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Turkey threatens and jails journalists and dissidents. It bombs the Kurds. Chomsky has sharp criticisms of the autocratic regime of Turkish President Recep Tayyip Erdogan. Despite grotesque human rights violations, Ankara has been given a free pass by Washington for years. Why? NATO ally Turkey is a key part of U.S. plans for ongoing intervention in the Mideast.
The lead news stories are clear: there is working-class anger, anxiety and rage. Working people have been taking it on the chin for decades. Wages have been flat for years. The Bernie Sanders campaign has highlighted the scandalous levels of income and wealth inequality. Increasingly, more and more workers understand how rigged the system is against them. The economy and politics are tilted towards powerful corporations and mega donors who use their deep pockets to promote their interests. The sustained attack on unions has left many workers without representation. If you speak out you risk getting fired and replaced by a temp. Young people, saddled with debt, will not replicate the standard of living reached by their parents. These outcomes are the result of policies and policies can be changed.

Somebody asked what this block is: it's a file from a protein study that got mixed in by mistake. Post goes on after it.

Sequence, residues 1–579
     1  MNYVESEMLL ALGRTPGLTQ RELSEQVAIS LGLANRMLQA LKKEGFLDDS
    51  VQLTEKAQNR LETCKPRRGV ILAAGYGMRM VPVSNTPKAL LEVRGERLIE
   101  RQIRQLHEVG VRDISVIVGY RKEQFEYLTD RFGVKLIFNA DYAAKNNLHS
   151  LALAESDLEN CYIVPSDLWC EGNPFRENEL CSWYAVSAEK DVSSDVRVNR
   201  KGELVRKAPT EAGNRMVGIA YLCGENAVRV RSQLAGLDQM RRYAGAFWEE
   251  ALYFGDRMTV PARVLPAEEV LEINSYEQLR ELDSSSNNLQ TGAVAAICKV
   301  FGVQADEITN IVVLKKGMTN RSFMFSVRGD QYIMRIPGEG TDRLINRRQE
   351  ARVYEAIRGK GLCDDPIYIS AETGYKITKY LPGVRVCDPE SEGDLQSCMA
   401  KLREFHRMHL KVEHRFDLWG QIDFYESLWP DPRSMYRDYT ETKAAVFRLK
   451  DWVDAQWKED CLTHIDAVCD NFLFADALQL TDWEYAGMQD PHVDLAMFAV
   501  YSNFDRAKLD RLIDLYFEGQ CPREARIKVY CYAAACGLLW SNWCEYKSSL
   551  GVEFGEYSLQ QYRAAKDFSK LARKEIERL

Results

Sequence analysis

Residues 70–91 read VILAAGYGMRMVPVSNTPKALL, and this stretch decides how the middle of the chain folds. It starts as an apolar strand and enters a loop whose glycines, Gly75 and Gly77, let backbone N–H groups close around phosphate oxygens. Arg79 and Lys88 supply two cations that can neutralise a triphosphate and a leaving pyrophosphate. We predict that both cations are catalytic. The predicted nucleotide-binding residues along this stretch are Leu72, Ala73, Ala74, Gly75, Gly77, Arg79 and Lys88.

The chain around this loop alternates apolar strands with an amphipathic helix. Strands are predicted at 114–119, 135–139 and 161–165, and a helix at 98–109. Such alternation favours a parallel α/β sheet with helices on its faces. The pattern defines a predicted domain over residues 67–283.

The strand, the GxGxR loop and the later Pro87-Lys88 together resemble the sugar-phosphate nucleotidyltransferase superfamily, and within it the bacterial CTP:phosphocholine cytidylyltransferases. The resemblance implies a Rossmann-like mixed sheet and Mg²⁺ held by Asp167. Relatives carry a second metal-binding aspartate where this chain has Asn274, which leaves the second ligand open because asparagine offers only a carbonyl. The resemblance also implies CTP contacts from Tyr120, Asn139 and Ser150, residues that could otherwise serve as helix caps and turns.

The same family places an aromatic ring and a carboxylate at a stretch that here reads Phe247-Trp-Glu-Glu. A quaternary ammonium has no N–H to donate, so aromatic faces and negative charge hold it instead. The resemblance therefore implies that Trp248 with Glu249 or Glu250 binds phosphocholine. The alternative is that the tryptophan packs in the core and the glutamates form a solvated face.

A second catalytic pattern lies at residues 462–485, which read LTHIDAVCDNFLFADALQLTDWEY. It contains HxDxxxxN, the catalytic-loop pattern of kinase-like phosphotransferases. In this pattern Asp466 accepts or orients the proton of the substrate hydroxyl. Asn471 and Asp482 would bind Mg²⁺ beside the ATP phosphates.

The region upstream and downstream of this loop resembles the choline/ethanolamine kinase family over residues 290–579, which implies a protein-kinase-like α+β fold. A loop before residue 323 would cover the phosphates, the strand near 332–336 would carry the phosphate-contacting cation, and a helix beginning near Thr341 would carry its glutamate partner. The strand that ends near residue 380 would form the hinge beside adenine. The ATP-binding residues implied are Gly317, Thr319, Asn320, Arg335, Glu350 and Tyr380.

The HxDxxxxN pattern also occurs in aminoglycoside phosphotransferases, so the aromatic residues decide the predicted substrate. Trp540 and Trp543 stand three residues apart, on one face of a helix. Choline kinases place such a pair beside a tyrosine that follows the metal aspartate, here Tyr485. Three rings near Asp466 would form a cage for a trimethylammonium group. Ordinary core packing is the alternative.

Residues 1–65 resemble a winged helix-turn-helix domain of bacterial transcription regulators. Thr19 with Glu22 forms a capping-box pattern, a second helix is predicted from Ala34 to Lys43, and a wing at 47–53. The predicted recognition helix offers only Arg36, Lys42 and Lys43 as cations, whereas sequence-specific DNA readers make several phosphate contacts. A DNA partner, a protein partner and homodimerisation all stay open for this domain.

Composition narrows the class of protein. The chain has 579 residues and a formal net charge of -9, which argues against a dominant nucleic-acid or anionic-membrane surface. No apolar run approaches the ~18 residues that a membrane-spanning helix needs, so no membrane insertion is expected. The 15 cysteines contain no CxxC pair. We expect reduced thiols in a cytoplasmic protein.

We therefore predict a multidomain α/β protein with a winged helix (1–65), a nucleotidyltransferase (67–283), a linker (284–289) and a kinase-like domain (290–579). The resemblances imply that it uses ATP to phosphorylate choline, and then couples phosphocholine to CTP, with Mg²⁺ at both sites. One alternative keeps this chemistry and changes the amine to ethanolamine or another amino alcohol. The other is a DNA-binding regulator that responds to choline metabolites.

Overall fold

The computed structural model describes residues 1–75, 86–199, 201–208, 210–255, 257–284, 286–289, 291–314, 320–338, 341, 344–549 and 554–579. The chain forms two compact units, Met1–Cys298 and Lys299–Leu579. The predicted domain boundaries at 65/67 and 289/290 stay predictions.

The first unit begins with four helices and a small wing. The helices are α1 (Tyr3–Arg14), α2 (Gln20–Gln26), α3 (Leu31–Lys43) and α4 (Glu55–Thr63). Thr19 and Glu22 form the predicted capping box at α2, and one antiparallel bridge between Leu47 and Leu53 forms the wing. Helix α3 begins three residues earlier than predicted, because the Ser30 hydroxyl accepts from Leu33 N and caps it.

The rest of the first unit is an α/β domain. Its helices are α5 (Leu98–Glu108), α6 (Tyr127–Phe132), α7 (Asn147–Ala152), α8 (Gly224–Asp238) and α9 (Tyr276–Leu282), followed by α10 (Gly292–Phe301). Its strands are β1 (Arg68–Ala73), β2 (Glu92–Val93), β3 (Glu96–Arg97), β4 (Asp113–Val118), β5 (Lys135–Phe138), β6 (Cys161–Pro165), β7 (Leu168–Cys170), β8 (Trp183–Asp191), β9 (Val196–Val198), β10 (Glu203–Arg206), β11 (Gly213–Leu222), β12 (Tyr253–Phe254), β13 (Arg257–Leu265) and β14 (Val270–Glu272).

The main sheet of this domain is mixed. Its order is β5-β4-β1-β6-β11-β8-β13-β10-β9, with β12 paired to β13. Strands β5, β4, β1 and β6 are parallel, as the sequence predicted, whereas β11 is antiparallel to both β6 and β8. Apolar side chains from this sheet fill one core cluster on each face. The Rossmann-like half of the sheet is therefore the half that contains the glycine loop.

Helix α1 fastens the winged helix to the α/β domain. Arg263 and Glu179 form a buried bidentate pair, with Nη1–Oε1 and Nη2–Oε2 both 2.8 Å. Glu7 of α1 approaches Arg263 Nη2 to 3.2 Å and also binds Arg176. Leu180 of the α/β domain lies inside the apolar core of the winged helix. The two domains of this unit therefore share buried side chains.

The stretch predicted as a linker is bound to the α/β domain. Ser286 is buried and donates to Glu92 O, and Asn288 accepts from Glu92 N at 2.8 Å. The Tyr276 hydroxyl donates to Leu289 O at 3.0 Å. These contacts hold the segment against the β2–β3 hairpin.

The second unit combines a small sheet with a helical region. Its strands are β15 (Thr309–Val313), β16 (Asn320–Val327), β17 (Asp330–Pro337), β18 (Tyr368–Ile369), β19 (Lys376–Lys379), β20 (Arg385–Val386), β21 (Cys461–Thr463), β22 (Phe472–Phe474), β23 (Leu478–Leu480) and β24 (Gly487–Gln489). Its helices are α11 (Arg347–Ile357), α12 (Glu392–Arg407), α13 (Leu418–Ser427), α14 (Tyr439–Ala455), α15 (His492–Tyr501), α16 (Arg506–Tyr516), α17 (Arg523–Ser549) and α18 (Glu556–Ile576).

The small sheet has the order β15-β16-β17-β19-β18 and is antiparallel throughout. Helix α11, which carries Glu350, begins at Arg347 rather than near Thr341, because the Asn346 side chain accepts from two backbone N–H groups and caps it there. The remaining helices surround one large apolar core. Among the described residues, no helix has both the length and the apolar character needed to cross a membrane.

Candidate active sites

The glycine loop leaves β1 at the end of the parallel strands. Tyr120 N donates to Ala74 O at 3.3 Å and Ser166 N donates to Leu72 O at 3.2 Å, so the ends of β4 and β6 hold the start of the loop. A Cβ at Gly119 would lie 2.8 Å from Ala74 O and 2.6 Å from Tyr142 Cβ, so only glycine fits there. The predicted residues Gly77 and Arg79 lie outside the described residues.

I’m often asked about Noam Chomsky. How did I connect with the legendary MIT professor? Very simply, I wrote him a letter around 1980 and to my surprise he responded. A correspondence ensued. We did our first interview in 1984. Two years after that I decided to launch Alternative Radio as I was determined to get his voice on the air. Since then we’ve done many programs and a bunch of books. Chomsky is easy to work with. He is patient and practices the egalitarianism he preaches. But behind his soft-spoken voice is an extraordinary intellectual acumen. In our latest interview he covers a lot of ground, in typical Chomsky fashion, from Latin America to India to elections to where he sees signs of hope to creating a better society.
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